[ML: I think you misread me. The minimum guideline thing was a caveat. The post was genuinely intended to a push-back against the obsession with peer review. If deniers/skeptics/whatever agree, so be it.]

  • Posted by Sallan Foundation

    Sure, good science is that work which is replicable & holds up over time. Peer review is a first step, not the sum total of that process. The role of peer reviewers, a/k/a gatekeepers in climate science should be kept transparent to shoot down the mud-slinging from skeptics; you’re right, peer review ought not to be a sacred cow.

    That said, your column, while worth reading, lapses into a straw man attack on how unnamed climate scientists work. You’ve got a beef with someone besides Joe Romm? then be specific. And, when you have instances of the “peer reviewed’ label putting a sock in the mouth of scientific critique, give us the evidence.

    [ML: I may do that later. I didn’t want to selectively name names, for fear of distracting from the broader point. It’s not difficult to round up examples.]

  • Posted by Jeff Wishart

    I think that you are misunderstanding just what the term “peer review” means. Of course it includes the initial reviewers acting as gatekeepers to the journal to which the author submitted, but those “hundreds of other researchers after publication” that review the article are also part of the peer-review process, albeit in an ad hoc and informal manner. Peer review in fact never ends: once an article is published in the public domain, it lives or dies depending on how its information stands up to further scrutiny and observation. If the findings of a paper are overturned by an experiment a hundred years on, that is still peer review. Restricting ‘peer review’ as you did in your article is doing it a disservice.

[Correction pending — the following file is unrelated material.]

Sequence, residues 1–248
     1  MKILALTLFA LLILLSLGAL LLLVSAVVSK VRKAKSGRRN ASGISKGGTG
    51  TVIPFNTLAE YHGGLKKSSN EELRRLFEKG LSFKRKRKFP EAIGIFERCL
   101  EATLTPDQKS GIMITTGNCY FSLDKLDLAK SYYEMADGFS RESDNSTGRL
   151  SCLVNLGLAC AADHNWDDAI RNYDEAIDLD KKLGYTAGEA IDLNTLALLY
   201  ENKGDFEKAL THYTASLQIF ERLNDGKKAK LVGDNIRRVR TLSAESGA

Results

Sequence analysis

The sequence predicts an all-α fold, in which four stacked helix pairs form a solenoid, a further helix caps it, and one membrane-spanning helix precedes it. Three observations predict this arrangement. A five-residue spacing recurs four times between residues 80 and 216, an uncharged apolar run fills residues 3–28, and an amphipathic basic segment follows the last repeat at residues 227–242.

As such, I agree with Sallan Foundation: this article is essentially one long straw-man argument. Nobody serious (and I think that Joe Romm can be included here) would believe that the initial reviews by a couple of people is the sum total of peer review that is necessary and that if an article passes it that it’s golden.

    The peer review process is far from perfect, but it’s important to support it despite its imperfections because otherwise you have intellectual chaos. It’s true that sometimes people place too much faith in the initial journal review, but it’s a lot better than the other side that eschews the peer review process entirely.